Dear friends and gentle readers,
As promised, here is the blog entry which, edited just a tiny bit, vacuumed its way into Suzi Banks Baum’s “An Anthology of Babes: 36 Women Give Motherhood a Voice” published in 2013. If you’ve saved a few shekels, do consider buying the book. I promise you’ll hear some delightful, sincere, authentic stories.
Okay, I don’t ever remember reading this one so I’m super glad you posted it today, and that it’s part of a way cool new book! I love this, Kathy! Congrats and Kudos and thanks for this treat!
It must have snuck in under your radar, Susan Dee! (I didn’t think that possible, lol.) Now I’m almost as famous a published author as YOU.
You are “Just” awesome.
And so are you, John!
I remember this one! And I still like it, even though I forgot to push the button last year. I did it tonight though 🙂
Glad your story is being published. Being called “just” an anything is condescending. Hopefully folks will realize one day that no one fits into *just* one nook.
Oh I’m glad you remember this, Heather. That means you’re an “old-timer”. tee-hee. Just sayin’. You’re not as young as you think! P.S. Isn’t age often another condescending category? I do so think, don’t you?
Age and weight!
I *am* an old-timer…getting grey hairs even – and I currently think I shall refuse to dye. My hair that is. I don’t think I’ll be able to refuse to die.
I swear I shan’t dye either. Dying…well, swearing won’t do us much good, shall it?
I don’t remember this one. But I recognize the careening desire to do more, different, crazy, infinitely heart filling. And we will.
Dawn, I thought for sure you would remember. You’ve been reading my blogs since back-in-the-day. I so appreciate your steadfastness. (Even if you can’t *sniff* read every single blog. JUST KIDDING! I don’t read every single blog myself…)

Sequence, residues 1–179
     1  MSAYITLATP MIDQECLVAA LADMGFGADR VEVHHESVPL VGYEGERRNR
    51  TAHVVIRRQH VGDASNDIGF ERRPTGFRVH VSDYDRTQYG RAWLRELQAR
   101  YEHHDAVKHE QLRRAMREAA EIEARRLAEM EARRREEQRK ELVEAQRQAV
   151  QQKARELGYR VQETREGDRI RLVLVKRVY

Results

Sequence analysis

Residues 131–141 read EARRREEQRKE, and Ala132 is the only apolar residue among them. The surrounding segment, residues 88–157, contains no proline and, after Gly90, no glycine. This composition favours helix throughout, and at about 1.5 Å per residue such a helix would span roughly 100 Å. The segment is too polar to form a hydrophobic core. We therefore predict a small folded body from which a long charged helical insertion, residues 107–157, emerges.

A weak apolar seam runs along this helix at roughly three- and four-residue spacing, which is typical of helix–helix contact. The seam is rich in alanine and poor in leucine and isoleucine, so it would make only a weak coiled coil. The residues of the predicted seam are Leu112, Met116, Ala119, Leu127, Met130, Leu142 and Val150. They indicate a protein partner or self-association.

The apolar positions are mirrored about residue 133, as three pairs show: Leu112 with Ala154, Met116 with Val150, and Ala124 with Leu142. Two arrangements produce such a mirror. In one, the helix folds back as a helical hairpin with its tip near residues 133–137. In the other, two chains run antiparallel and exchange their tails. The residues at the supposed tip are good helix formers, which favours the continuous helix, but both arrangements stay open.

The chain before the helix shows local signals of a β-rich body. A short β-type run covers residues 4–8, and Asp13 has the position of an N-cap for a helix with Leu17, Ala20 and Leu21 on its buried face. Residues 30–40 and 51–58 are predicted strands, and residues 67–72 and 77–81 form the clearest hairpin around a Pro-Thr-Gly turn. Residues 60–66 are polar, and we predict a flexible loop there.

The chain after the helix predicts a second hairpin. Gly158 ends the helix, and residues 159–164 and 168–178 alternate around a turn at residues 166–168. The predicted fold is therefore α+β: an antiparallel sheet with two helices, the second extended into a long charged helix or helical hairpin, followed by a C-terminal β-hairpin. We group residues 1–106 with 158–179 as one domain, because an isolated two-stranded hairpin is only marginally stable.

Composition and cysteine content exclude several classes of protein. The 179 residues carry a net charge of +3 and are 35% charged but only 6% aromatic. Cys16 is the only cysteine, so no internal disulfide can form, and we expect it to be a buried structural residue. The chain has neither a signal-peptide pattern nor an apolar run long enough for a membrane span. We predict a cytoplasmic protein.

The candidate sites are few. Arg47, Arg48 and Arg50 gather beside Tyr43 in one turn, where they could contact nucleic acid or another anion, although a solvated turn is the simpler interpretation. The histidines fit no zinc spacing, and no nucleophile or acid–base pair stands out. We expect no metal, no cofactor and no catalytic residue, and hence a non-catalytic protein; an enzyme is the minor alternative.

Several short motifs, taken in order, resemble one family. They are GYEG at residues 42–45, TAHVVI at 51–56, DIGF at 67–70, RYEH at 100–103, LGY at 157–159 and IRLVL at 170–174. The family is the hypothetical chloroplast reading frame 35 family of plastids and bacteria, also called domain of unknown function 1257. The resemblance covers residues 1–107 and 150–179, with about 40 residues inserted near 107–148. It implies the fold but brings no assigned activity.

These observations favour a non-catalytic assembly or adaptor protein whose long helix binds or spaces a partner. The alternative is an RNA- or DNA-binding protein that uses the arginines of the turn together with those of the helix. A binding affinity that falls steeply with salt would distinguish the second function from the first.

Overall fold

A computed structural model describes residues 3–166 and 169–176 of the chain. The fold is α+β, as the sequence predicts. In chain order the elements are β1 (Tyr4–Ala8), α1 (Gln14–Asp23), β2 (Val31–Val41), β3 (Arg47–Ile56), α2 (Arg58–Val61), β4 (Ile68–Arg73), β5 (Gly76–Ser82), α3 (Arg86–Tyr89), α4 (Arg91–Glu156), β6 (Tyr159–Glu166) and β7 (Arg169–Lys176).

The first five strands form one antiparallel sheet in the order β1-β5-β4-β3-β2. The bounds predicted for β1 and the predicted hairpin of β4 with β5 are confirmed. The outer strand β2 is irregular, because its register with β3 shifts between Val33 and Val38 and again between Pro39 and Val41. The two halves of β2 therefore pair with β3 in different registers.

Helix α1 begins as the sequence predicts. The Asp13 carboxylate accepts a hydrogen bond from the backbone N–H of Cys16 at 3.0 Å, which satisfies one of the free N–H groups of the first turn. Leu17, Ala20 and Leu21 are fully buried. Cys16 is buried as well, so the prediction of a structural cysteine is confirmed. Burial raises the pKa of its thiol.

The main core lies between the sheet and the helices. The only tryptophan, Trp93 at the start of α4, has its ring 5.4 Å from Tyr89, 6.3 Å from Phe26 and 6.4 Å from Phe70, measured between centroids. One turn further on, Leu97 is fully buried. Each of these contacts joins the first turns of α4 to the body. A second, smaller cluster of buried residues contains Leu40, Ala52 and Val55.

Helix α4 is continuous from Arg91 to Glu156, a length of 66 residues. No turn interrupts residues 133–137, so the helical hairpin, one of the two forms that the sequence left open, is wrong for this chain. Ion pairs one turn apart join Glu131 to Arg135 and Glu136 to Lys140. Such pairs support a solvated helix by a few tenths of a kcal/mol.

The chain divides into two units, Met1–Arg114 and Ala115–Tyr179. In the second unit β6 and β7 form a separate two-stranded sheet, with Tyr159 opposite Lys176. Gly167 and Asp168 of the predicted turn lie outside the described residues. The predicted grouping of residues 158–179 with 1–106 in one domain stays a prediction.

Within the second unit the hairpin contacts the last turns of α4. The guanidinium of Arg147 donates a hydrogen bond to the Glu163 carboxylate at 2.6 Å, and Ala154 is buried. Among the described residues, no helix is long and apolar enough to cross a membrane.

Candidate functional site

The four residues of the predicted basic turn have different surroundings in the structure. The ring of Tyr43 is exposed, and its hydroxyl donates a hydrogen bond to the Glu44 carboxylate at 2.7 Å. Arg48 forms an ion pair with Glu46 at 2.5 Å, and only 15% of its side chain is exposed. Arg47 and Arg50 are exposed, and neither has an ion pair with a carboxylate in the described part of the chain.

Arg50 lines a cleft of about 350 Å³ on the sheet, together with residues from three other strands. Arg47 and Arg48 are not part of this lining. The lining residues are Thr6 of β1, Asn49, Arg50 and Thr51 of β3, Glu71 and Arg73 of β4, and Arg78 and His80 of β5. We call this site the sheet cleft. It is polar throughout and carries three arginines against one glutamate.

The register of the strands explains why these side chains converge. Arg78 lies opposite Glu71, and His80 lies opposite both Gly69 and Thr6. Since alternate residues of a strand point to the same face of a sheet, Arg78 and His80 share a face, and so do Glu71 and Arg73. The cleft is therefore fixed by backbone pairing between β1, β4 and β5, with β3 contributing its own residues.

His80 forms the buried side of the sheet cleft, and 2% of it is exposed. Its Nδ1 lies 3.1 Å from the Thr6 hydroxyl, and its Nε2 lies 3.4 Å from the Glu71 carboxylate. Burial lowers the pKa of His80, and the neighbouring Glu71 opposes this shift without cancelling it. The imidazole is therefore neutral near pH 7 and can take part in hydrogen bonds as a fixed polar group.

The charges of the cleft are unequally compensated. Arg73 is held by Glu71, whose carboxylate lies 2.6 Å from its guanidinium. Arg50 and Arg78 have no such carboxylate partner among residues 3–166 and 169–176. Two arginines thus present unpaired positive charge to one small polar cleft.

Defining oneself as “just” anything is as if one feels inadequate or less than worthy … unless one is “just wonderful” !
I am liking the way you think, Sybil!
No one is ‘just’ anything. We are all complex individuals with many skills and should not be defined by our day jobs. Most do not see it that way, though. Personally, I was always proud to be a mother, although my housewifely chores were just that – chores – and with children, they were also never-ending! Like you, I was happy to raise my children myself and show them that I cared about them enough not to farm out the child-rearing duties to a daycare or babysitter while I went out and ‘fulfilled’ myself. To be honest, by the time we began our family, I was really done with the ‘day job’ and couldn’t wait to stay home with my kids and do all the fun stuff with them. I did cringe a little when I met strangers who asked that humiliating question, “What do you do for a living?” and I answered, “I’m a stay-at-home mom.” Some would say I was lucky, but many would shake their heads as though raising a smart, caring, responsible citizen wasn’t as important as being the CEO of some huge corporation. I really think that, in this day and age, we need more people to be ‘just housewives/house husbands’. We need to put the needs of our kids ahead of our own needs, at least until they are old enough to be the independent people we hope they will become. 🙂
I so LOVED reading your response! Those of us in society who are sometimes labeled by a “just” must keep opening the eyes of those with a tendency to “just”. At least I try to keep opening my own eyes whenever a “just” comes out of my lips–which hopefully doesn’t happen too often.